In Texas, Galveston is said to be “The” place to beachcomb.  And, I read where the Fish and Wildlife people have stated the Gulf of Mexico beaches are the best in the country for shelling. I’ve been to Sanibel and was not disappointed.  Venice Beach, FL is great for fossils and shark teeth, Turtle Beach, FL, at what used to be Midnight Pass, is excellent also.

So, all of the laws I’ve found regarding beachcombing have pertained to specimen collecting.  There seem to be no shells that are so “rare” that you can’t take them, but even so it would be hard to enforce.  There is one place that enforcement, I’m told, is active and that is Glass Beach, California. The beach is property of the California State Park system and the taking of glass is prohibited.  The area was once a dumping ground for Ft. Bragg residents.  Fires were occasionally set to minimize the trash.  Years of surf pounding has broken up the remaining trash the beach is a beautiful collection of colored glass.  There are other trash items on this beach so wear sturdy shoes and keep a 1st Aid kit in case you cut yourself and leave the sea glass there.

Hawaii has a Glass Beach, too.  It’s on Kauai.  I doubt I’ll get there since we’re going to Oahu but I have read that sea glass hunting on Waikiki Beach is awesome.  I’ll find out soon and now that I know the laws, I will be bringing some home.

My car conched out!

My car was so stinky when I got into it yesterday to drive to a meeting.  The whole way I kept thinking “what died in here”.  Wracking my brain I thought of maybe a small lizard got in the car and shriveled up, or worse a snake (we have them on our property) or maybe something I brought from the beach and left in the car.  So I got out and went to my meeting.  Two hours later I got into the car and nearly threw up.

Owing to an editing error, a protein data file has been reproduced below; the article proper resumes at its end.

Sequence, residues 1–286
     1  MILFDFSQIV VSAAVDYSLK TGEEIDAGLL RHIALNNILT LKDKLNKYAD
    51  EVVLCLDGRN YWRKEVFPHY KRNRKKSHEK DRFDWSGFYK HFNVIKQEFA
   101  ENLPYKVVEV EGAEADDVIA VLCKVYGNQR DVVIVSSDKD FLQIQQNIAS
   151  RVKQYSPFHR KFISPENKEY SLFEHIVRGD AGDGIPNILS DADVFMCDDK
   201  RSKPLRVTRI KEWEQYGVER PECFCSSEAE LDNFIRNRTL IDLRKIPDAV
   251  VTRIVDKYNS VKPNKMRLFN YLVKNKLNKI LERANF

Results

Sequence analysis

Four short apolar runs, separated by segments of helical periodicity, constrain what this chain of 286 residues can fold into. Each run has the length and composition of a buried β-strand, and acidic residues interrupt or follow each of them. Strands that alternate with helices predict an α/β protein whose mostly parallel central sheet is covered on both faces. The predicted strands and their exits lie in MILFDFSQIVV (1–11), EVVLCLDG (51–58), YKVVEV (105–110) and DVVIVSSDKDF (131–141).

Seashells!  Maybe there’s a dead clam in the kid’s beach toy bag.  Travis likes finding clams and bringing them home, so that’s got to be it.  So I opened the back door and looked through all the bags, and then found, in the crate where we place our beach buckets when they have shells in them, a Florida Fighting Conch shell that was left behind.  As soon as I picked it up juice/water started dripping out and then as I held it over the parking lot the dead conch slid out with all its dead gooey-ness. 

Oh, you could probably smell it in the next county.  I moved the crate and threw baby powder on the carpet to soak up any ick that might have dripped on it.  I had to drive home (from east of I-75 to Siesta Key) with the windows down which is really one of my pet peeves because it blows my hair in my face and its annoying (my hair is in that in-between stage of growing out, and its bothersome in the wind) but I managed and was able to breathe fresher air with the windows down.

I did get the smell out.  I left the back door and one of the side doors open all day today. 

We had gone to Turtle Beach this past Saturday and found this shell.  I remember it because it was so perfectly polished and colorful.  I also remember placing it on top of my bucket because I showed it to my husband before we drove home that day.  The critter must have crawled off the bucket and landed at the bottom of the crate until I found it dead.

Moral of the story: make sure when you’re beachcombing that every shell you find ends up out of your car when you get home.

More on Tropical Storm Fay